The valuation of such oils as bergamot and lavender according to their ester content has led to the occasional adulteration of such oils with cheaper esters or organic acids for the purpose of increasing their apparent ester content. Among the substances added for this purpose the following have been observed thus far: benzoic acid, salicylic acid, oleic acid, diethylsuccinate, triethyl-citrate, glycerylmonacetate, ethyltartrate and terpinylacetate.

The presence of acids can be detected by means of an increase in the acid value, which, in most oils, is very small. For this reason the advice was given on p. 571 to determine the acid value and the ester value separately. The acids can be isolated by shaking the oil containing them with dilute soda solution, separating the latter and decomposing the salt formed with a mineral acid.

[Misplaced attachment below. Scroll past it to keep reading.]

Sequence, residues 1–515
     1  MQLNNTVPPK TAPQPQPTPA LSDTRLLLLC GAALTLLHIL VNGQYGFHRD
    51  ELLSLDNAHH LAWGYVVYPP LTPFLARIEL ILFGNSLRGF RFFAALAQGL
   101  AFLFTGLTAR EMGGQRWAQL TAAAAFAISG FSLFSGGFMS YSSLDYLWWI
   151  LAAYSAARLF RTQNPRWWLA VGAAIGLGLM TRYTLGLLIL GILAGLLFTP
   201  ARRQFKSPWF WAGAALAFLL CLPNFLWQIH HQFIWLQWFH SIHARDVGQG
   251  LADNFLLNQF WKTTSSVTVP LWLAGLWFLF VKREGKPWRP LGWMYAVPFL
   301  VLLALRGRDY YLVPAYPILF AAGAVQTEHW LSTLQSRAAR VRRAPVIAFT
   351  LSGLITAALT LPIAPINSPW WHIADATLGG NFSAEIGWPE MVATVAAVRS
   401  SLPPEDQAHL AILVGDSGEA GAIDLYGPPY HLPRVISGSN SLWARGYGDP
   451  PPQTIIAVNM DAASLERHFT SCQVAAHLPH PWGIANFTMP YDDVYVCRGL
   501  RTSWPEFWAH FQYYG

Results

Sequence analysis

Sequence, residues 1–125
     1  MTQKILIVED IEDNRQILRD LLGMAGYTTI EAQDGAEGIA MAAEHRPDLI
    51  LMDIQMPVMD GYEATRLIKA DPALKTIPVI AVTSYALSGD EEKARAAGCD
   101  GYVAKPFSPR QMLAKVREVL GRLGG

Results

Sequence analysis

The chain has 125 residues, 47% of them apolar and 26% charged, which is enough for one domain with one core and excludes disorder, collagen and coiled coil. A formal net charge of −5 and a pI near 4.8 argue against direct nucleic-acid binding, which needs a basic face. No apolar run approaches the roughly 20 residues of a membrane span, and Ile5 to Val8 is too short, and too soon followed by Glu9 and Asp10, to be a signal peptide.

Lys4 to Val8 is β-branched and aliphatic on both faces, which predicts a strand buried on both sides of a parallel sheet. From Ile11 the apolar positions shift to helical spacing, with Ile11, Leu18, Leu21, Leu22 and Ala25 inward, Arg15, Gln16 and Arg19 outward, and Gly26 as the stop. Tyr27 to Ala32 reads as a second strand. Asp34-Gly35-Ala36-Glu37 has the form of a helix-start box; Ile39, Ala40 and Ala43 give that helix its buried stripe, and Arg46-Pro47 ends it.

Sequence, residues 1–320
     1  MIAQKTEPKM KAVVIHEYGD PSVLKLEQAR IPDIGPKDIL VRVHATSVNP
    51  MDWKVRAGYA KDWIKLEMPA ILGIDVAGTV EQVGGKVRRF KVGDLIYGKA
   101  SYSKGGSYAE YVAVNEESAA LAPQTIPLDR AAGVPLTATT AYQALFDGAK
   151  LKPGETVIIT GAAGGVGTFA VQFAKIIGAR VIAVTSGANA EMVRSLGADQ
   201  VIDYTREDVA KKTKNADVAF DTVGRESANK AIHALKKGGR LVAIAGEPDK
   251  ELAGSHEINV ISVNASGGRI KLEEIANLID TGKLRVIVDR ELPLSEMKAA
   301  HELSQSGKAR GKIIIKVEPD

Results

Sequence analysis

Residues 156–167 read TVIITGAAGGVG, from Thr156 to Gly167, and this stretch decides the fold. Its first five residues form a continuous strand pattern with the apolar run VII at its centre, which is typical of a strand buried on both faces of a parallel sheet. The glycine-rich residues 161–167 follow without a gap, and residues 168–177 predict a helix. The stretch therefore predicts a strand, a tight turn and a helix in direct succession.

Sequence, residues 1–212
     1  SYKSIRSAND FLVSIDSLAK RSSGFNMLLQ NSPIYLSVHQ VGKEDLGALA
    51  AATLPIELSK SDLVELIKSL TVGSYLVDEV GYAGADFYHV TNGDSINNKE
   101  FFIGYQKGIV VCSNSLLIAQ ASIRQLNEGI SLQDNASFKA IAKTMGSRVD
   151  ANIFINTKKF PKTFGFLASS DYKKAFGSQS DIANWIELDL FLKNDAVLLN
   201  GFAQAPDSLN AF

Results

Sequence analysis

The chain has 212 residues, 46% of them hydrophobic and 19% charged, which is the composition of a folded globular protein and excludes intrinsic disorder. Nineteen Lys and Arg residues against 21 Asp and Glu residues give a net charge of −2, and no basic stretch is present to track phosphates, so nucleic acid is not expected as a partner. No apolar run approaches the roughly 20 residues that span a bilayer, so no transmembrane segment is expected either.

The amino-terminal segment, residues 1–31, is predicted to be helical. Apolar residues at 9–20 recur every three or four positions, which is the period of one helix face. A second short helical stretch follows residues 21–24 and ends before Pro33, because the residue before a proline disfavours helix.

1) Zeitschr. f. off. Chem. 9 (1903), 454. Comp. Chem. Zentralbl. 1904,1. 548.

The identification of the esters may be carried out in various ways. In most instances the oil is fractionated, the fraction to be examined saponified, and the attempt made to characterize the components. However, special methods are also employed varying with the kind of ester. Thus e. g. fractional saponification may lead to the detection of added terpinyl acetate. In consequence of the high specific gravity of the esters used for adulteration, such adulterated oils become suspicious in many instances because of their increased density. Details as to such adulterations will be found in the second volume under the respective oils.